Amylin and Diabetic Cardiomyopathy – Amylin-Induced Sarcolemmal Ca\u3csup\u3e2+\u3c/sup\u3e Leak Is Independent of Diabetic Remodeling of Myocardium

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    Amylin is a pancreatic β-cell hormone co-secreted with insulin, plays a role in normal glucose homeostasis, and forms amyloid in the pancreatic islets of individuals with type-2 diabetes. Aggregated amylin is also found in blood and extra-pancreatic tissues, including myocardium. Myocardial amylin accumulation is associated with myocyte Ca2+ dysregulation in diabetic rats expressing human amylin. Whether deposition of amylin in the heart is a consequence of or a contributor to diabetic cardiomyopathy remains unknown. We used amylin knockout (AKO) mice intravenously infused with either human amylin (i.e, the aggregated form) or non-amyloidogenic (i.e., monomeric) rodent amylin to test the hypothesis that aggregated amylin accumulates in the heart in the absence of diabetes. AKO mice infused with human, but not rodent amylin, showed amylin deposits in the myocardium. Cardiac amylin level was larger in males compared to females. Sarcolemmal Ca2+ leak and Ca2+ transients were increased in myocytes isolated from males infused with human amylin while no significant changes occurred in either females injected with human amylin or in rat amylin-infused mice. In isolated cardiac myocytes, the amylin receptor antagonist AC-187 did not effectively block the interaction of amylin with the sarcolemma. In conclusion, circulating aggregated amylin accumulates preferentially in male vs. female hearts and its effects on myocyte Ca2+ cycling do not require diabetic remodeling of the myocardium

    OPA1 mutation and late-onset cardiomyopathy: mitochondrial dysfunction and mtDNA instability.

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    BackgroundMitochondrial fusion protein mutations are a cause of inherited neuropathies such as Charcot-Marie-Tooth disease and dominant optic atrophy. Previously we reported that the fusion protein optic atrophy 1 (OPA1) is decreased in heart failure.Methods and resultsWe investigated cardiac function, mitochondrial function, and mtDNA stability in a mouse model of the disease with OPA1 mutation. The homozygous mutation is embryonic lethal. Heterozygous OPA(+/-) mice exhibit reduced mtDNA copy number and decreased expression of nuclear antioxidant genes at 3 to 4 months. Although initial cardiac function was normal, at 12 months the OPA1(+/-) mouse hearts had decreased fractional shortening, cardiac output, and myocyte contraction. This coincided with the onset of blindness. In addition to small fragmented mitochondria, aged OPA1(+/-) mice had impaired cardiac mitochondrial function compared with wild-type littermates.ConclusionsOPA1 mutation leads to deficiency in antioxidant transcripts, increased reactive oxygen species, mitochondrial dysfunction, and late-onset cardiomyopathy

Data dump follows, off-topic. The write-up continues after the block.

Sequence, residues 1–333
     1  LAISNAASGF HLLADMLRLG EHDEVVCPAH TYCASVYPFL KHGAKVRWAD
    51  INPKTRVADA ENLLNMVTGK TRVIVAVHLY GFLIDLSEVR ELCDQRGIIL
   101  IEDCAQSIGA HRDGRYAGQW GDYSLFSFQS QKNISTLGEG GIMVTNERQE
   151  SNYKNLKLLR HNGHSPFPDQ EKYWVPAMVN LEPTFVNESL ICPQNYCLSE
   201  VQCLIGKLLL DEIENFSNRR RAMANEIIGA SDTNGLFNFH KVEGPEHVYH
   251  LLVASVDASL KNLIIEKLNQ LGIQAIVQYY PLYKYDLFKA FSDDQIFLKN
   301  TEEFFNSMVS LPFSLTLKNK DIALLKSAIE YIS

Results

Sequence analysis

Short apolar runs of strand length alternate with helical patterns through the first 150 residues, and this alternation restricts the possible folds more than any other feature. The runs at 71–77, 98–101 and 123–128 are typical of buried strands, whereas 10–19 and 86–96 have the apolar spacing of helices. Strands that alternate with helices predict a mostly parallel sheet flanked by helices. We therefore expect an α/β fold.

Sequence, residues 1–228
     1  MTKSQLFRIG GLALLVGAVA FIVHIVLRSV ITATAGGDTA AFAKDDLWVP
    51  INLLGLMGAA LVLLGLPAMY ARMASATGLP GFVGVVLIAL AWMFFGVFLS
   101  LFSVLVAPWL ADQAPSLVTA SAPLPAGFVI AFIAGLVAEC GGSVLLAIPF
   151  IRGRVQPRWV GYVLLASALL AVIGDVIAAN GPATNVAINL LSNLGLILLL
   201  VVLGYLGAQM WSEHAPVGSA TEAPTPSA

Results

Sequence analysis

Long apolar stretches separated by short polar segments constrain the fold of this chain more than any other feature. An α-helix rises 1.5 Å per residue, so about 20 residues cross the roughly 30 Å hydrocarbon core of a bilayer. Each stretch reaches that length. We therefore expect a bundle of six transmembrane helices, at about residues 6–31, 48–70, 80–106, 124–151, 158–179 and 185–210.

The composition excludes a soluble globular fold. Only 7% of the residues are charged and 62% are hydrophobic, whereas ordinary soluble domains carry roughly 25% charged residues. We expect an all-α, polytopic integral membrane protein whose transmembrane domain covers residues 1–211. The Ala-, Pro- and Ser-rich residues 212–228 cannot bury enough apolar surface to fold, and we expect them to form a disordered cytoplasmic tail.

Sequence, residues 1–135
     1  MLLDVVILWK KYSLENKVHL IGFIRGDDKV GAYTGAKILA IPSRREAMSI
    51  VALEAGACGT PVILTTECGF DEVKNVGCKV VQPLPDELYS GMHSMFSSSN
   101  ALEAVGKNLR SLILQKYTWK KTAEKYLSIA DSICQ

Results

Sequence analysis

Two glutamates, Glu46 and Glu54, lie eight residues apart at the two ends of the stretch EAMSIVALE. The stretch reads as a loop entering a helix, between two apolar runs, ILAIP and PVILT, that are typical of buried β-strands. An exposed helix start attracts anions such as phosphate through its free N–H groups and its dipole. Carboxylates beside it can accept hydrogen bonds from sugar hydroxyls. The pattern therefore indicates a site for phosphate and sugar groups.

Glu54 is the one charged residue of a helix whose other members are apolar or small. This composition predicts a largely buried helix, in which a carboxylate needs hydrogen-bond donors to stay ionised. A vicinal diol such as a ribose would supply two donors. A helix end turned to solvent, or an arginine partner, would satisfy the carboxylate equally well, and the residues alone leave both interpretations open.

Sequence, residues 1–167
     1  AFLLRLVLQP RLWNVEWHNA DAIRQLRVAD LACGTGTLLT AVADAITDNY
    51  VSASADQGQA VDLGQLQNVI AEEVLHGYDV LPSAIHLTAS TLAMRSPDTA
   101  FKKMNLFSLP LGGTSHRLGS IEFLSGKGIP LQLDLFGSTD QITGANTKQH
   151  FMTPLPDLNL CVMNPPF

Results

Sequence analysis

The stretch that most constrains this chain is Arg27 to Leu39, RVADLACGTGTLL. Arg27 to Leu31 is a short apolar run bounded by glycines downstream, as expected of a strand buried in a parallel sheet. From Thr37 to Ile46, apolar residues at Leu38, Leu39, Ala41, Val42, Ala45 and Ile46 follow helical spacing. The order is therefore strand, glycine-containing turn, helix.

Nuclear translocation of cardiac G protein-Coupled Receptor kinase 5 downstream of select Gq-activating hypertrophic ligands is a calmodulin-dependent process.

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    G protein-Coupled Receptors (GPCRs) kinases (GRKs) play a crucial role in regulating cardiac hypertrophy. Recent data from our lab has shown that, following ventricular pressure overload, GRK5, a primary cardiac GRK, facilitates maladaptive myocyte growth via novel nuclear localization. In the nucleus, GRK5\u27s newly discovered kinase activity on histone deacetylase 5 induces hypertrophic gene transcription. The mechanisms governing the nuclear targeting of GRK5 are unknown. We report here that GRK5 nuclear accumulation is dependent on Ca(2+)/calmodulin (CaM) binding to a specific site within the amino terminus of GRK5 and this interaction occurs after selective activation of hypertrophic Gq-coupled receptors. Stimulation of myocytes with phenylephrine or angiotensinII causes GRK5 to leave the sarcolemmal membrane and accumulate in the nucleus, while the endothelin-1 does not cause nuclear GRK5 localization. A mutation within the amino-terminus of GRK5 negating CaM binding attenuates GRK5 movement from the sarcolemma to the nucleus and, importantly, overexpression of this mutant does not facilitate cardiac hypertrophy and related gene transcription in vitro and in vivo. Our data reveal that CaM binding to GRK5 is a physiologically relevant event that is absolutely required for nuclear GRK5 localization downstream of hypertrophic stimuli, thus facilitating GRK5-dependent regulation of maladaptive hypertrophy